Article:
DENISE CALLS UP was shot almost entirely in a single townhouse in Manhattan, over a period of several weeks. The cast was allowed to meet face-to-face for the first and only time at an initial script reading, and were then shot seperately. Each actor's participation took anywhere from two to five days.
Director Hal Salwen specifically requested that the actors not rehearse in person, except on the phone, and even then only when absolutely necessary. "When you're on the telephone, you're not together with anybody and it changes the dynamic, " says Salwen. "Everything you do is very different than when you're talking to someone face-to-face. It's not just being in your underwear or on the toilet; it's much more subtle than that -- it's where your eyes go, whether you choose to cross your legs, or cross the room--everything you do reflects the fact that the other person is not in the room.
"In effect, you're not responding as powerfully to another person's emotional state or their personality. It isn't true human contact, it's responding to and interacting with one small element of another human being, their voice, and even that isn't real--it's an electronic facsimile squeezed through a tiny microphone."
According to Salwen, some of the actors in his cast were a little anxious about his approach, while others understood it immediately. While shooting, off-camera lines were generally read by crew rather than cast members, and it was Salwen's job to make sure that inflection, emphasis, and the emotional through-line of the phone conversation, were all matched perfectly. Tim Daly recalls: "There was something very freeing -- to be acting all by yourself with a phone in your hand. At the same time, it was limiting because you couldn't tell what the other person was going to do, or had already done. It was really up to Hal to see that things fit together."
Liev Schreiber's character, Jerry, has a three-month love affair with Barbara, played by Caroleen Feeney, without the two ever actually meeting. Schreiber describes the uniqueness of that situation as an actor: "Caroleen and I never actually worked together. A production assistant or technician would stand in the wings, reading off-camera lines to us as we talked on the telephone. I did meet with Caroleen a couple of times, we had the initialread-through, and every once in a while we'd go out for a bite. While I'm not sure whether Hal minded us socializing (he's pretty easy-going), I do know that he didn't want us together when we did the work. And we shot so fast that there wasn't a lot of time to rehearse or hang out with the other actors even if we'd wanted to."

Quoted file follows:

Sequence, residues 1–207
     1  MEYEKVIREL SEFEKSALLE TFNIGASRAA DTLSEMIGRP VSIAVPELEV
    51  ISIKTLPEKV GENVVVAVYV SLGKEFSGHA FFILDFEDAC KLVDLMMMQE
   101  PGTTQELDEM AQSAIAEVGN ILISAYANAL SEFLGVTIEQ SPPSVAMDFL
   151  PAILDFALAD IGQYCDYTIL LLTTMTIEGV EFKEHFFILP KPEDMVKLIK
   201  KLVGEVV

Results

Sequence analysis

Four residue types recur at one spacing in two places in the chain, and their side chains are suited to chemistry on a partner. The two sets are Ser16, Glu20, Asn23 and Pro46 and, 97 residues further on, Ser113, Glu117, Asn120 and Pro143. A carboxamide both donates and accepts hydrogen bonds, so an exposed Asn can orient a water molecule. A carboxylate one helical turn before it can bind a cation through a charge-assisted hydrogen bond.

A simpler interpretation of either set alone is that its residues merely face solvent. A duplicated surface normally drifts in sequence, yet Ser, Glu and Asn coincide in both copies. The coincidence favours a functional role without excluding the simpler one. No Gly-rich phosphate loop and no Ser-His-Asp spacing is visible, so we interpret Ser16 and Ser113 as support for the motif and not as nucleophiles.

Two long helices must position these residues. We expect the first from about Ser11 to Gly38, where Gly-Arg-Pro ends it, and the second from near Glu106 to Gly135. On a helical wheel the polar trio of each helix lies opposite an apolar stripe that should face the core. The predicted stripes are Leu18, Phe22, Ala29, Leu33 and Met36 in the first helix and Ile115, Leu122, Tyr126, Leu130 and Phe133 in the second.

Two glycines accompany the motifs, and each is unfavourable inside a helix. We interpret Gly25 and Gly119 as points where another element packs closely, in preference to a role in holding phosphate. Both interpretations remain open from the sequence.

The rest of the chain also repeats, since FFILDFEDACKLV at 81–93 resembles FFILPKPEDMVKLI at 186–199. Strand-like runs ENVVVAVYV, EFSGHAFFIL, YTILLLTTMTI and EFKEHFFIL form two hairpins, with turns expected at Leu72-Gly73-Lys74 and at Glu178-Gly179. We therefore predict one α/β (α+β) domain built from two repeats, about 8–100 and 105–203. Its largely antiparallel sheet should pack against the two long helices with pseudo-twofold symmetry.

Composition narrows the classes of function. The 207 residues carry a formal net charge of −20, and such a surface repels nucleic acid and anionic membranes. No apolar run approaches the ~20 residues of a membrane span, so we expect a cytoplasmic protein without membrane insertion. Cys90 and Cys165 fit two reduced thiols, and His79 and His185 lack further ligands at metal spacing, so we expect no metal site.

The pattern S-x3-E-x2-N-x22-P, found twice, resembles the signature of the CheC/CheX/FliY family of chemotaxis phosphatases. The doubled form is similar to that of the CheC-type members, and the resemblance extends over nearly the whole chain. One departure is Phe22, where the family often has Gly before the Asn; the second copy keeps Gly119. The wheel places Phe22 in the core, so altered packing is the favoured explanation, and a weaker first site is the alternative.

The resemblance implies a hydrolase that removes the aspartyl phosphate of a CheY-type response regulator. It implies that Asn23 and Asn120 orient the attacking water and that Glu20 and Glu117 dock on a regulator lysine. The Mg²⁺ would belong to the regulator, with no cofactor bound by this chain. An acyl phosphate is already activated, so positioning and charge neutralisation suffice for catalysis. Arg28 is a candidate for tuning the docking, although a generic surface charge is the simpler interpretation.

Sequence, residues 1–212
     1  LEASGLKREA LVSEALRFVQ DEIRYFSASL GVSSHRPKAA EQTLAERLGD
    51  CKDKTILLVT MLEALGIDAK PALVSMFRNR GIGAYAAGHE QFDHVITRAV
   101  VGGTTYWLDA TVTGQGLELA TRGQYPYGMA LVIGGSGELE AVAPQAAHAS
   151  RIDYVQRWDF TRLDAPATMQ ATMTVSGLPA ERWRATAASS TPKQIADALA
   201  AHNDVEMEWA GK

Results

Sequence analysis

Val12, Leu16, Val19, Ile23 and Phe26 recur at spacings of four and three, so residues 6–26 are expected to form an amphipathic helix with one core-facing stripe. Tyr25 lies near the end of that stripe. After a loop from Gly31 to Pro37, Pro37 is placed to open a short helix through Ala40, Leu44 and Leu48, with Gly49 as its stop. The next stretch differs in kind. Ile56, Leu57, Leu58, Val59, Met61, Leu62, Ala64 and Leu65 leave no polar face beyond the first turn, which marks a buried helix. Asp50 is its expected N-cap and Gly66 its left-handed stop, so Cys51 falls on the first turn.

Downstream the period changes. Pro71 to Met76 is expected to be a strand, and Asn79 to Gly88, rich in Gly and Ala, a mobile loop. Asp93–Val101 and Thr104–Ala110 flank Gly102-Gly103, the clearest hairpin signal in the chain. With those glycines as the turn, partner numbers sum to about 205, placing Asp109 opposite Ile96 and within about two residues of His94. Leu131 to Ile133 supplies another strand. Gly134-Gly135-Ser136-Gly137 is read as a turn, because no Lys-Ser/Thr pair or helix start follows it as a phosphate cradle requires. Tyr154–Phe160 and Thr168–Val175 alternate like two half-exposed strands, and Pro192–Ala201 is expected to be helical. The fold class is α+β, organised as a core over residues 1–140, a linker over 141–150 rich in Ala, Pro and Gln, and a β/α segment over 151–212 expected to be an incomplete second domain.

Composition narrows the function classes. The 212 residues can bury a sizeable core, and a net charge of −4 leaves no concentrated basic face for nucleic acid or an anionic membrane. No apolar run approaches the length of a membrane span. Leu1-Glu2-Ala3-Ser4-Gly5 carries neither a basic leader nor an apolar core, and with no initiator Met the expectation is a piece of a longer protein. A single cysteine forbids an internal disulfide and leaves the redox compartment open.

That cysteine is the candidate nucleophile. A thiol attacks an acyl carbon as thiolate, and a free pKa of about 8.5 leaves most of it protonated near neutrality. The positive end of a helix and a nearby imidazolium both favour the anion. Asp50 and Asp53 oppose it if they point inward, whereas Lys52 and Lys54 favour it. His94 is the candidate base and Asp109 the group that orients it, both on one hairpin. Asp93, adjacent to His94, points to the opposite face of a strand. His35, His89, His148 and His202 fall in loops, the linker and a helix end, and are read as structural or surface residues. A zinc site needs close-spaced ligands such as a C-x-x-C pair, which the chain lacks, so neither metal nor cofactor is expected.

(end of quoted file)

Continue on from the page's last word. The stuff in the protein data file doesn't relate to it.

Dan Gunther acted the part of daddy-to-be, Martin. He recalls Salwen's strategy a little differently: "There's a detachment that happens between two people on the telelphone that Hal wanted to make sure to preserve, and I think that was a wise decision. But it was my first feature and I was a little nervous and wanted to rehearse. So the night before I had my big scenes with Liev, who at the time was on location in Arizona, I asked Hal if we might rehearse on the phone and he said it was fine. I went in the next day and shot my side of the conversation alone on the set with a tired script girl who fed me Liev's lines."
About his involvement in the project he says, "I first saw the script two years before we shot it because the producer, Todd Harris and I had been friends for many years. I was so impressed by the writing, by how witty and topical the script was. I realized this is exactly what great satire is supposed to be: it's exaggerated enough that, depending on your life, it might not be exaggerated at all. And I'm always astonished at how many people have come up to me and said, this is exactly what my life is like. The movie seems to be touching nerves on both sides of the Atlantic."
Finally, the burden of matching and arranging the conversations fell on Salwen and editor Gary Sharfin. Salwen recalls, "The pace and rhythm of all the conversations was ultimately going to depend on how we edited them. In another kind of movie there are two-shots and three shots. It's partly the director and partly the editing, and partly the performers who share in the rhythm of the conversations. The weight falls on the editor's shoulders. But what a good editor knows is not how to cut smoothly -- that's what an amateur thinks -- but rather how to cut to what you want to see, or what you want to show the audience. There are an enormous number of cuts in DENISE, and I was initially worried that the film would seem 'cutty', but I don't think you ever feel it.
"I also knew that until the very end of the movie I was never going to have a complete scene. With most other films you can begin cutting scenes and putting them together while you're still shooting, because once you've finished in a location, for example, the scene is generally complete. With this movie you were never shooting an entire scene because you might not shoot the other half until two weeks later. More than most movies, it had to be in my head, and the surprises had to be limited. It was very, very rigidly planned."
Last modified 28-Mar-96.
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